Asparagus densiflorus ‘Sprengeri’
Sprenger’s Asparagus, Asparagus Fern, Emerald Fern, Basket Asparagus
Asparagus ferns are so named because the soft, delicate-looking tufts of needlelike leaves look a bit like asparagus. They aren’t really ferns—ferns don’t have flowers and berries and these do. The leaves are actually short branches (cladodes). The real leaves are inconsequential and look like scales. The plant is native to South Africa.
Identification: These plants are not natives, but they can spread rapidly under the right conditions. The soft-looking, drooping fronds are quite distinctive, and conceal small thorns. Flowers are barely noticeable. Berries are small and bright red. They are popular as house plants.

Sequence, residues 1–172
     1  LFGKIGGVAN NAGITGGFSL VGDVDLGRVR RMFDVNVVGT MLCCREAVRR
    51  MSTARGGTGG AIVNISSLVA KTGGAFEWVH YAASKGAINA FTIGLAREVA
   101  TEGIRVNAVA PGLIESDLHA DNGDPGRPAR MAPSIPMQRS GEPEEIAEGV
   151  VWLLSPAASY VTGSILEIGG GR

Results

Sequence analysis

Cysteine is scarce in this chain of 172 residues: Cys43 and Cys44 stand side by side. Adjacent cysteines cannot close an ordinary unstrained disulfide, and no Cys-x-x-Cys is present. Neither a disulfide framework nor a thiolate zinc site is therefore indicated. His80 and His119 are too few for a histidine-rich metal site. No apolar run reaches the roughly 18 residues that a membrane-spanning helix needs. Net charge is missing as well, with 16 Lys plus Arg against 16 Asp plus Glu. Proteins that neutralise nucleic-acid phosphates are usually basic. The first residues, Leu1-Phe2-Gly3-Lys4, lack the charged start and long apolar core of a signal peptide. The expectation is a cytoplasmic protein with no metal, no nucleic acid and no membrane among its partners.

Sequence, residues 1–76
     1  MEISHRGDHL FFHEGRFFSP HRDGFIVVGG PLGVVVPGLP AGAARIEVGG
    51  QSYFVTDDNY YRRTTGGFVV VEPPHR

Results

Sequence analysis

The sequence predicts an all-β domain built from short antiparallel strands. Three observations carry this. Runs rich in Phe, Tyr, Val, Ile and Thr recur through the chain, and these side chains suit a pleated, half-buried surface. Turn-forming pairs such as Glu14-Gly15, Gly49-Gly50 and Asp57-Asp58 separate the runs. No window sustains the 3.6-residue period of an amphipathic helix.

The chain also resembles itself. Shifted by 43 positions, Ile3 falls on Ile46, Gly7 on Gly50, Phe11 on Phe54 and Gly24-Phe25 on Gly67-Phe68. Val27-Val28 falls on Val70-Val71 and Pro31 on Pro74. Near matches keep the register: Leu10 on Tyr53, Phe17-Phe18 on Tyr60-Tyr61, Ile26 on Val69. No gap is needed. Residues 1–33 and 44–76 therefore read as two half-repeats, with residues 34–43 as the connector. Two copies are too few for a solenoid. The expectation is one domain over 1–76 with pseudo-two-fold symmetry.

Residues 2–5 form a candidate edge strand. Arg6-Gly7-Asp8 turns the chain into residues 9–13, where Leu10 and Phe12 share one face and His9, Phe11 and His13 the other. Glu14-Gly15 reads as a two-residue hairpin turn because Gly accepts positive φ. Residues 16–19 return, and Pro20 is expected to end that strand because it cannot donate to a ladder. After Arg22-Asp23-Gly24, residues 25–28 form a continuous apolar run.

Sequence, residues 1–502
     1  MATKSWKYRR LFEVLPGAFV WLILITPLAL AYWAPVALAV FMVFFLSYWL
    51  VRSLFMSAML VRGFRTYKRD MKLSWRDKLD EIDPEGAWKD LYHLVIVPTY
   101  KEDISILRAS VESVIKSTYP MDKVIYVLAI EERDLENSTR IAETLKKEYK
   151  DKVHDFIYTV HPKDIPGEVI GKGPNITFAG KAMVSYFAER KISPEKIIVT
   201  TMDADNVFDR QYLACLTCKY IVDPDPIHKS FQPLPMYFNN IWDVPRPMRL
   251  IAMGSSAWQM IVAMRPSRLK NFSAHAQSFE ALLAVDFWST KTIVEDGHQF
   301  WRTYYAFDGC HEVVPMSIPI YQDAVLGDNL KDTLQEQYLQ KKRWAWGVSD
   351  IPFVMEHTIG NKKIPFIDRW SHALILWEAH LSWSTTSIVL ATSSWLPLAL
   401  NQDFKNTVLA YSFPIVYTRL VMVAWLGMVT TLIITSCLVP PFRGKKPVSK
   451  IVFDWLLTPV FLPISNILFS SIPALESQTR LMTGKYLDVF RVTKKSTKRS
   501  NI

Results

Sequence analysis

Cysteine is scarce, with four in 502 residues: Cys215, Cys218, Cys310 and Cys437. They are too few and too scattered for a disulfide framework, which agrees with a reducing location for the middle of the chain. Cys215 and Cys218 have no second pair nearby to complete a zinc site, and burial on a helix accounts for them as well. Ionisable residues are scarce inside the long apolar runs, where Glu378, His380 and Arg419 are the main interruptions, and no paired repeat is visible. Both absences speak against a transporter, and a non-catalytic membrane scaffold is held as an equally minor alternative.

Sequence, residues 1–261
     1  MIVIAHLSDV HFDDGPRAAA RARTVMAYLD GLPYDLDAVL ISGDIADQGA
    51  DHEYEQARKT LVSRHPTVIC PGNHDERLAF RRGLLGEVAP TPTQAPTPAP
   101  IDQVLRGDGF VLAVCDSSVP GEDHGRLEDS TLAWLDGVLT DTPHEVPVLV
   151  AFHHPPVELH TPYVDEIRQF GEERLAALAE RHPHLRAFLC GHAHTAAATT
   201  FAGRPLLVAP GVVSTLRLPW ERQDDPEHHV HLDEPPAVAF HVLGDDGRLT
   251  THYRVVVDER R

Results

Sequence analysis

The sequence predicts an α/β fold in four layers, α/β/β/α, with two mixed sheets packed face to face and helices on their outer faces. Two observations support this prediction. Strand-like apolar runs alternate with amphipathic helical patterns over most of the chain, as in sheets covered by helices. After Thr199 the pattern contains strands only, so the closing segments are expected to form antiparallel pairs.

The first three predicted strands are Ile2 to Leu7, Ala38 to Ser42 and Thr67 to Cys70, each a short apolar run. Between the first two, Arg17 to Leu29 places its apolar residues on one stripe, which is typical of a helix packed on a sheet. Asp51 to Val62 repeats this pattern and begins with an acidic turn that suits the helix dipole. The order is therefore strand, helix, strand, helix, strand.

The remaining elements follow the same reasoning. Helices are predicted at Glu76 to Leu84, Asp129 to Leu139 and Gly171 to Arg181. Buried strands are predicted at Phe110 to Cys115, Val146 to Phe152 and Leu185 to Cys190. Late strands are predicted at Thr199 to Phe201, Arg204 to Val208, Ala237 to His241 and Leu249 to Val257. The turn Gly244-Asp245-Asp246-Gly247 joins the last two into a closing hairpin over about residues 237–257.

Edibility: Poisonous. These ferns are not severely poisonous, but the berries can cause gastric discomfort and the sap can cause dermatitis.
Asparagus densiflorus ‘Sprengeri’ on Forest and Kim Starr’s Starr Environmental site
Asparagus densiflorus ‘Sprengeri’ as Compiled by the Master Gardeners of the University of Arizona Pima County Cooperative Extension
Asparagus densiflorus ‘Sprengeri’ on the South African National Biodiversity Institute's web site, plantzafrica.com
Asparagus densiflorus ‘Sprengeri’ on Erv Evans' site at the North Carolina State University College of Agriculture and Life Sciences
Asparagus densiflorus ‘Sprengeri’ at the University of Florida Institute of Food and Agricultural Sciences
Asparagus densiflorus ‘Sprengeri’ description by Thomas H. Kent, last updated 12 Oct 2018.
Range: Zones 9-11: